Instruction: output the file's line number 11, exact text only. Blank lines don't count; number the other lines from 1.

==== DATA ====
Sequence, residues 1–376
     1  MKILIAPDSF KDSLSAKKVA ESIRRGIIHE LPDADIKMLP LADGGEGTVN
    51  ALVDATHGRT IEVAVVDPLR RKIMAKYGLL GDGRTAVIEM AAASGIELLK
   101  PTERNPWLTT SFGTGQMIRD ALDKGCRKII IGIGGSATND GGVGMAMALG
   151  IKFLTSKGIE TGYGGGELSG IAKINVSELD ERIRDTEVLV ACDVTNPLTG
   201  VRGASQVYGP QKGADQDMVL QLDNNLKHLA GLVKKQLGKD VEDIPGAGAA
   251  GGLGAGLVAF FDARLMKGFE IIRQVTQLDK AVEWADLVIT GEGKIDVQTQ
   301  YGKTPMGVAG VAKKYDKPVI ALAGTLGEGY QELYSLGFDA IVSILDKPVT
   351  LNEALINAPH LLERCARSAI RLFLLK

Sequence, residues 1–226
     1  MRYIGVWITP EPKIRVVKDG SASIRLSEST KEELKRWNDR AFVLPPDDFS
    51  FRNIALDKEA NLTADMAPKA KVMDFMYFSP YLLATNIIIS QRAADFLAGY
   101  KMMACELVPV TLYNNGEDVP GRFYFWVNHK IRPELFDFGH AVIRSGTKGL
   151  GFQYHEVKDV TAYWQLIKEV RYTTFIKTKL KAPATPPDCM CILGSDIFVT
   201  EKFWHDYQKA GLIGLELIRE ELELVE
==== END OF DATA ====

     1  MRYIGVWITP EPKIRVVKDG SASIRLSEST KEELKRWNDR AFVLPPDDFS